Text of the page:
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McMaster researcher Hendrick Poinar and an international team of researchers have uncovered telling secrets from the grave. The research focuses on the recovery of DNA from fossil remains such as teeth from individuals who died from the bubonic plague in Marseille, France. DNA sequences can be used to trace the past and answer questions about the evolution of infectious disease.
“We are very interested in how diseases emerge and then continually re-emerge. We want to know if reservoirs are local or more distant. Are these epidemics repeatedly stemming from trade routes like the Silk Road from China and the Golden Horn from Kazakhstan or are they a localized epidemic?” Poinar explained.
This involves tracing back to Europe in 1346, during the time of the Black Death, when the bacteria Yersinia pestis wiped out a third of the European population.
“That was an epidemic like we have never seen before and hopefully will never see again,” said Poinar.
After an initial flare, the plague seemed to disappear in Europe. What followed its supposed demise is a series of little outbreaks that Poinar labeled as the “shouldering effect.”
“We are very interested in how diseases emerge and the continually re-emerge. We want to know if resevoirs are local or more distant.
“If you look over the course of decades, you see relatively nasty outbreaks. You have basically 400 years of repeated epidemics in Europe, until it disappears. The question has been if these are repeated epidemics that occur every 30 to 100 years, is the source of these epidemics a migration of pathogen from the East to the West.”
By analyzing the global phylogeny, a method of relating disease sequences and strains to each other, researchers observed that rodents are at the start of many diseases that reach human populations. The aforementioned rodents seem to have these basal strains or ancestral strains appear in the highlands of Mongolia and China and Kazakhstan. These sources are farther east from the European outbreaks, supporting research that the initial flare of Black Death was brought from the East along trade routes.
At least in the case of the plague that overtook Marseille, the pathogen was found to be a descendant of the Yersinia pestis strain. Contrary to the constant dribble of plague down trade routes, the pathogen must have remained in a reservoir closer to home. What these reservoirs are thought to be is the next big question. Rats could be to blame, or soil, however no answer is currently known.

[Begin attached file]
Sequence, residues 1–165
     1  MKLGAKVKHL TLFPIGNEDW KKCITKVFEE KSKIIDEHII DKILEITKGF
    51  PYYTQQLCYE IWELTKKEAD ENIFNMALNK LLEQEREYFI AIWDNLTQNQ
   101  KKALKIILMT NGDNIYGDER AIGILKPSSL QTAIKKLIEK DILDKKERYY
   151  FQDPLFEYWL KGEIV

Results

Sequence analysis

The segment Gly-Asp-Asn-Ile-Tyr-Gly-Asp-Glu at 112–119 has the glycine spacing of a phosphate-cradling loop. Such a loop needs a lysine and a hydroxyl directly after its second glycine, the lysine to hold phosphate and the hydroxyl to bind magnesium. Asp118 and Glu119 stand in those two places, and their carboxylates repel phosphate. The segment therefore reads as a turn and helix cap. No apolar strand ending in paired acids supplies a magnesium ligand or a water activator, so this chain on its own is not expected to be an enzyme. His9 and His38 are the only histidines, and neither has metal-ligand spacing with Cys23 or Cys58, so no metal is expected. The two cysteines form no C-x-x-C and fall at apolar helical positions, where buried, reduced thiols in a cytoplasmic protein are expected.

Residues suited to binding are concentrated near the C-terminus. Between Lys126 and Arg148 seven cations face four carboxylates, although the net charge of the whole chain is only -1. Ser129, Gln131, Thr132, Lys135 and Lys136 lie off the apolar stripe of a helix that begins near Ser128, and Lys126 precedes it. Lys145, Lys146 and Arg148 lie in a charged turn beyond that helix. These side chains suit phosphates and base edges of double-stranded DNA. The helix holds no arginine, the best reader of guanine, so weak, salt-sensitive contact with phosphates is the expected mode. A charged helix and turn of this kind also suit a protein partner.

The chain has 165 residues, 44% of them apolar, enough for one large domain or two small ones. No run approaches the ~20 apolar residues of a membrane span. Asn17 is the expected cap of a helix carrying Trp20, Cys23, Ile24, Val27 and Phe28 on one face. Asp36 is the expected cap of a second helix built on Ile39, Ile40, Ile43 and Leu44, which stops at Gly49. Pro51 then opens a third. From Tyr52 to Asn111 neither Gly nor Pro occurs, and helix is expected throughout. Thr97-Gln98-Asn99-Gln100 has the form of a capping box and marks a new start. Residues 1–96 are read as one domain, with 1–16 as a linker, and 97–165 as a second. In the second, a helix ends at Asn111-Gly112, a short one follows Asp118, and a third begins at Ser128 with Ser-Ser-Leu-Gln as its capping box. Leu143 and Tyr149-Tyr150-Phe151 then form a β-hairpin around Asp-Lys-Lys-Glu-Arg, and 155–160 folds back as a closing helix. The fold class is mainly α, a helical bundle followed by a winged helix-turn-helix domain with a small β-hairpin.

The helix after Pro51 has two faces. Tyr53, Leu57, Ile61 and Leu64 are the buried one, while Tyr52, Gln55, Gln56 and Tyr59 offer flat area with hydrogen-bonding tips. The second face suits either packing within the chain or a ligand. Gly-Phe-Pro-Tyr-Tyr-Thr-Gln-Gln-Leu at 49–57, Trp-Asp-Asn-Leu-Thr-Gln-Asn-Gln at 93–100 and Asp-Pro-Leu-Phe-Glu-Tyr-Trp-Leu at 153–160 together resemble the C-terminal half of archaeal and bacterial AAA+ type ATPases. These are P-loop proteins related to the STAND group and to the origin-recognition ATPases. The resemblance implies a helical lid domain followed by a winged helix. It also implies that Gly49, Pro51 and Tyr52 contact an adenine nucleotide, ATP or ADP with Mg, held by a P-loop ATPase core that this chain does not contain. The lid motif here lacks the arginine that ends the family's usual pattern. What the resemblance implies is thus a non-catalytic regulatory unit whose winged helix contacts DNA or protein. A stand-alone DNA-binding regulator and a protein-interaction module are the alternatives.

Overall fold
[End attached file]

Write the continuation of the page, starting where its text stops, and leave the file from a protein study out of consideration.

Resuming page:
“We have had major outbreaks in Eastern Europe up until the 1800s. In mainland Europe, it hasn’t [popped up] since 1720. We have about 400 years that were clear of outbreaks.” This could be as a result of attenuation in the variance of the bug, or a rise in resistance among humans. One of Poinar’s students is working on just that, looking for signs of selection within the human genome. This involves searching for resistance to the epidemic in the genes of those of European descent whose ancestors survived to pass on their protective genes.
Interestingly, having resistance to the Black Death can also give someone resistance to various other pathogens. A genomic mutation known to give people resistance to the HIV virus by blocking the virus from entering the cell has been found in higher frequency in Europe, despite the virus’ origin in Africa. You would expect the exact opposite, where populations exposed to the virus in greater amounts would undergo greater selection and therefore greater resistance.
“When you try to date the [onset of resistance], most of those dates show up around the time of the Black Death. So there is the issue that those that underwent a selection against plague and survived because of this genomic deletion, they were protected from the bacteria of the plague and now protected from the virus of HIV,” explained Poinar.
Rising concerns about antibiotic resistance has shifted a focus towards what causes the reappearance of bacterial infections. By attempting to dig up the roots of infectious diseases, researchers like Poinar are looking to uncover more about pathogens and their fluctuating attacks.
Photo Credit: Jason Lau